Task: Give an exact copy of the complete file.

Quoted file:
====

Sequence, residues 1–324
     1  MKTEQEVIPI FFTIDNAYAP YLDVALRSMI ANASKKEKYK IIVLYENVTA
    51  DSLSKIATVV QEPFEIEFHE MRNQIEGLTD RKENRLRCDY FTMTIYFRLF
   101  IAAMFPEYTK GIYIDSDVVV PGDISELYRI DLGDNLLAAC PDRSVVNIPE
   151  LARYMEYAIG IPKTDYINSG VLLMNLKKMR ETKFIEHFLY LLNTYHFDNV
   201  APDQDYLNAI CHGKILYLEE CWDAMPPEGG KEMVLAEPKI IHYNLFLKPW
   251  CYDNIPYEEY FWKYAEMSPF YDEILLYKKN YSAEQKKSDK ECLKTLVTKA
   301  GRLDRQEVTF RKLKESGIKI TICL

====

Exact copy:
Sequence, residues 1–324
     1  MKTEQEVIPI FFTIDNAYAP YLDVALRSMI ANASKKEKYK IIVLYENVTA
    51  DSLSKIATVV QEPFEIEFHE MRNQIEGLTD RKENRLRCDY FTMTIYFRLF
   101  IAAMFPEYTK GIYIDSDVVV PGDISELYRI DLGDNLLAAC PDRSVVNIPE
   151  LARYMEYAIG IPKTDYINSG VLLMNLKKMR ETKFIEHFLY LLNTYHFDNV
   201  APDQDYLNAI CHGKILYLEE CWDAMPPEGG KEMVLAEPKI IHYNLFLKPW
   251  CYDNIPYEEY FWKYAEMSPF YDEILLYKKN YSAEQKKSDK ECLKTLVTKA
   301  GRLDRQEVTF RKLKESGIKI TICL